• The verb is in the present form.
  • If there is ‘to’ before that verb, the ‘to’ will be omitted. 

Example: You had better go to the class.

Rule #16: ‘it is time’

The verb after it is high time, it is time, wish, fancy, etc. will be in the past form.

Example: It is high time we did the work.

Rule #17: ‘though’, ‘as if’, etc.

After as though, as if, wish, etc., the ‘to be verb’ transforms into ‘were’. 

Example: I wish I were a butterfly.

Rule #18: ‘as though/as if’

If the first part of ‘as though/as if’ is present indefinite, then the next part will be past indefinite. 

If the first part is past indefinite, the next part will be past perfect

Example: He speaks as though he knew everything.

Rule #19: Modal auxiliaries

The principal verb takes the present form after modal auxiliaries. 

Example: One should not waste time.

Rule #20: ‘am’, ‘is’, ‘are’, etc.

The verb after 

  • am, is, are, was, were, takes ‘ing’ inactive form
  • But it will be in the past participle in passive form. 

Example: He is doing the work

Rule #21: Causative Verb

If have, has, had, got, etc. work as a causative verb in a sentence, then:

The verb after them will be a past participle. 

Example: I got the work done.

Rule #22: ‘get used to’, ‘without’, etc.

After phrases such as get used to, without, cannot help, past, could not help, with a view toward, look forward to, would you mind, etc., the:

Given verb takes ‘ing’ form

Example: I went to Chittagong with a view to attend the wedding.

Rule #23: ‘there’

Sentences starting with ‘there’

  • If there is a singular number, the verb will be singular
  • If there is a plural number, the verb will be plural

Example: There is a high school in our town, there are 2 high schools in our town.

Rule #24: ‘lest’

With ‘lest’ in the sentence:

‘might/should’ follows the subject.

Example: He worked hard lest he might miss the deadline.

Rule #25: ‘while’

After ‘While’

  • The verb takes ‘ing’ 
  • But if there is a subject, the sentence is past continuous tense.

Example: While walking at the station, I met him.

Rule #26: ‘would that’

For sentences starting with ‘would that’, there comes a ‘could’ after the subject and the verb is in present form.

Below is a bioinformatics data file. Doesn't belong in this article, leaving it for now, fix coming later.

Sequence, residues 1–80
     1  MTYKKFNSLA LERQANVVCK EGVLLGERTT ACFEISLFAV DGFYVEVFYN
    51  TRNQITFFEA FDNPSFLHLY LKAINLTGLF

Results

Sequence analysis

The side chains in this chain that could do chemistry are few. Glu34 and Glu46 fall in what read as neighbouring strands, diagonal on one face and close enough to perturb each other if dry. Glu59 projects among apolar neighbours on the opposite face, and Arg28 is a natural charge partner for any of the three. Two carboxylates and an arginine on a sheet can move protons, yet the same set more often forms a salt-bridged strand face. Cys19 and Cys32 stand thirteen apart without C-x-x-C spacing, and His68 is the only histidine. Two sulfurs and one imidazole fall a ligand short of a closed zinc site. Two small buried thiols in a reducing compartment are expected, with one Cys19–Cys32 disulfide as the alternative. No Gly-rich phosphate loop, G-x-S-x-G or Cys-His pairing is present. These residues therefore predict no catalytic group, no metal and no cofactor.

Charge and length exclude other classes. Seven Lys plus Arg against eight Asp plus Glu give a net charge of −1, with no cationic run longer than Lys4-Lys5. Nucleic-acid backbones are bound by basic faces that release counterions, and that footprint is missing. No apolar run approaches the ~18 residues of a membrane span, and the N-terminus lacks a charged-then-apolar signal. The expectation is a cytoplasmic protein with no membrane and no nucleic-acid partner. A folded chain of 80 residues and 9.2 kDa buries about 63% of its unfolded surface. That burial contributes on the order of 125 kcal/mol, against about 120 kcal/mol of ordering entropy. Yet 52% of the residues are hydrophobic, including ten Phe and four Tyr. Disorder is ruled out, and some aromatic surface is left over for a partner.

Example: Would that I could see a lion.

Rule #27:‘to be’ and ‘having’

After ‘to be’ and ‘having’:

The verb is in past participle

Example: The game is yet to be played

Rule #28:

A verb must agree with its subject, regardless of the verb coming after or before the subject.

Example: At the end of the road is the secretary’s Office.

Rule #29: Multiple subjects

If multiple subjects are joined with ‘and’, then:

The verb takes the plural form.

Example: She and Mahir are friends.

Rule #30: ‘every, ‘each’ and ‘one’

After ‘every’, ‘each’, ‘one’ :

The verb is in the singular form.

Example: one of the managers is ill today

Rule #31: 

Subjects that are singular in meaning but plural in a form such as poetry news, politics, information, economics, scenery, advice, furniture, wages, etc., have singular verbs. 

Example: The news is spreading fast.

Rule #32: Interrogative sentances

If interrogative sentences start with who, which, what, where, etc., then:

There comes an auxiliary verb according to tense and person.

Example: Where do you live?

#Rule 33: Uncountable nouns

In the case of uncountable nouns such as oxygen, water, air, etc., the verb takes a singular form.

Example: Milk is white.

Start exercising!

Verbs are action words and actions have timelines. And we make thousands of actions for a thousand reasons. Grammar in the right form of verbs is easy when you keep on practicing. Now that you know the formulas, rock any English assessments by putting the verbs in the right manner!